How the 5 Different Money Personalities View Taxes

How the 5 Different Money Personalities View Taxes

The way you view money affects the way you'll approach taxes.

This year the IRS expects to receive more than 147 million tax returns. Of those filing returns, at least 75% will receive a refund.

They say most refunds take only 21 days. You can track your refund at their website, through a tax prep service, or even on your smartphone with their new app, IRS2Go.

A clever soul once said, “People who complain about taxes can be divided into two classes: men and women.”

It’s true that most husband and wives agree that taxes are a pain, but that’s where their similar viewpoints usually end. As with most money matters, couples approach money differently, and with that comes relationship challenges. Knowing your Primary and Secondary Money Personalities™ helps you both understand those different viewpoints and how they work together when it comes to taxes.

Risk Takers – Don’t sweat the details, so you may not want them at the helm during tax prep. However, they could be king of creative loopholes. When the refund arrives they’re ready to take it and make up for lost time. Often quick to make decisions, they may forget to discuss their ideas with their spouse leading to hurt feelings. Start talking now before the refund arrives.

Security Seekers – Are happy to have more money to invest in the future. With an average return of $3,000, they are ready to apply their refund to secure their future. They may worry over the details before filing, and even after the check arrives they may worry that the amount — which you’re thrilled about — means your exemptions aren’t right. Help them with the details and assure them it will all work out, plus they will have another chance next year to do it all again.

Flyers – Are happy to let someone else handle the taxes. Period. Henry & Richard Bloch were not Flyers. Enlist the help of professionals or if you’re a Security Seeker or Saver, volunteer to handle tax details, filing and refund allocation.

Spenders – Can’t wait to. . .spend it. Big screen, big vacation, big party! Avoid spending your refund before you receive it. Help them avoid the temptation to spend it all, and encourage consideration of their entire money situation.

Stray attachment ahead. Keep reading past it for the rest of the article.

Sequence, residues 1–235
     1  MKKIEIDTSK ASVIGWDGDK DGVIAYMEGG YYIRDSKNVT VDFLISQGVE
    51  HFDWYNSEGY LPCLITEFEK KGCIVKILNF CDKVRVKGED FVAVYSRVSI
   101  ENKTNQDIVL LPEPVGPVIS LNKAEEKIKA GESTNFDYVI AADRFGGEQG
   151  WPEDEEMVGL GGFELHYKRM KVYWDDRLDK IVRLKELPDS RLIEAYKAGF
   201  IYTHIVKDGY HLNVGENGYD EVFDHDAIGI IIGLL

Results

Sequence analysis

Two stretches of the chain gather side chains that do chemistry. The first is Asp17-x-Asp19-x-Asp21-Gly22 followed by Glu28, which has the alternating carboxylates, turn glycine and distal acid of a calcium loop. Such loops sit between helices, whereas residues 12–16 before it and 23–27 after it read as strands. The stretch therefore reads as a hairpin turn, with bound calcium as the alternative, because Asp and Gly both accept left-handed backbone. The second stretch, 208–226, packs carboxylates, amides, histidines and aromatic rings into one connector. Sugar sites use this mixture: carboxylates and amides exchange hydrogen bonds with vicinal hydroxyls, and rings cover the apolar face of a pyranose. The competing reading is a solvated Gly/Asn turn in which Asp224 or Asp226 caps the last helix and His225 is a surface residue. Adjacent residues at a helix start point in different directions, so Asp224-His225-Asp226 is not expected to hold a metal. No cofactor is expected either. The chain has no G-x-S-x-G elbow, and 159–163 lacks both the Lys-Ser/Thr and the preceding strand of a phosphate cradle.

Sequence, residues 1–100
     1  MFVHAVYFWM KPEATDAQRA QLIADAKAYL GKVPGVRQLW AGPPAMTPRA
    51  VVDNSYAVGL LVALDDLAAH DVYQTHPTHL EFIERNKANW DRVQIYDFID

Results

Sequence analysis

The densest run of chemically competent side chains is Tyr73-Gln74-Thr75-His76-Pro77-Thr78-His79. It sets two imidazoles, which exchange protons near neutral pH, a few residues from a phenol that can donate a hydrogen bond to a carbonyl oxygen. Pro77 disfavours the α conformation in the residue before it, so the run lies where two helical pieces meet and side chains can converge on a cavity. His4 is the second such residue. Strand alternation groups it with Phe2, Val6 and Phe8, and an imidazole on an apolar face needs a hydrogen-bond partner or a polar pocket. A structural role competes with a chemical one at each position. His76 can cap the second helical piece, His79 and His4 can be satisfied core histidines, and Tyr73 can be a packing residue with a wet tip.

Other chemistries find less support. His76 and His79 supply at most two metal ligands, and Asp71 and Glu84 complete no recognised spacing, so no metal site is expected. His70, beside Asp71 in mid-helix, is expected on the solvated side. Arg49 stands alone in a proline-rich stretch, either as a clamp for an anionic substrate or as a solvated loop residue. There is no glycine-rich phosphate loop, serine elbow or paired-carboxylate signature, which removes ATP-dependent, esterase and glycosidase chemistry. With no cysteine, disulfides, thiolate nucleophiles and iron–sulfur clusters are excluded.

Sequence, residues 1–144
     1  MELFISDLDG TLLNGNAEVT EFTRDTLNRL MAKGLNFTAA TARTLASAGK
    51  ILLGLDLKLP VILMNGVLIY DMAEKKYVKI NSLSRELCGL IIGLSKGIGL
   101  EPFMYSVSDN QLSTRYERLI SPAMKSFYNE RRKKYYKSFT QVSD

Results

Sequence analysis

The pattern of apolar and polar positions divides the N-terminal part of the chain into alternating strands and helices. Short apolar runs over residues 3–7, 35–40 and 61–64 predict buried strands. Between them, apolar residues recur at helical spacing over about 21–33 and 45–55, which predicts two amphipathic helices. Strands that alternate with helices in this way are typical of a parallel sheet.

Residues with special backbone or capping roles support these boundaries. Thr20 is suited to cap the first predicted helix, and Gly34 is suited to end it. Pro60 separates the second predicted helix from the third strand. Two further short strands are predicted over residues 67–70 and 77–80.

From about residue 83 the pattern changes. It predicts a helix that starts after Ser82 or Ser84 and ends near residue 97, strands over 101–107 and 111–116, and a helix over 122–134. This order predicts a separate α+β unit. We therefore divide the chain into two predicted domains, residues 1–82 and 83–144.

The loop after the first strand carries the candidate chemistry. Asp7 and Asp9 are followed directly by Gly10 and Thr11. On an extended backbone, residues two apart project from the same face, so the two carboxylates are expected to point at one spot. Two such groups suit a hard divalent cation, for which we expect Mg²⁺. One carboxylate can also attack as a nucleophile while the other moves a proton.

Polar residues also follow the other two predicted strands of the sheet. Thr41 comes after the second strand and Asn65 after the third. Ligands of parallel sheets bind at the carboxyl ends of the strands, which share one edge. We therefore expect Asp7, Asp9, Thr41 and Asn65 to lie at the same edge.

Savers – Calculate their estimated refund as early as possible, and have already mentally lowered their debt figure (and their blood pressure) by that amount. They may even opt to e-file so the money is deposited directly into their savings account. Talk with Savers about other ways to use the refund check. Maybe every penny doesn’t need to be saved.

Keep in mind everyone has a Primary and Secondary Money Personalities™, and there are over 20 combinations. The combination of your spouse’s Money Personalities™ will affect tax time. A Saver/Risk Taker wants primarily to get the return in as soon as possible so he can put the refund into savings, but their secondary Risk Taker wants to check for loopholes and other opportunities to improve the return. The combination creates some internal conflict, but also some helpful balance. While you’re at the computer anyway, make sure you know both your Primary and Secondary Money Personalities with our free Money Personality Quiz.

We agree with Donna Summer, you work hard for your money!
So dust off your white leisure suit, zip up those disco boots, and enjoy your refund — together.

Make it Happen!

Scott & Bethany Palmer
The Money Couple®

Creators of The 5 Money Personalities™

This article was originally published at Reprinted with permission from the author.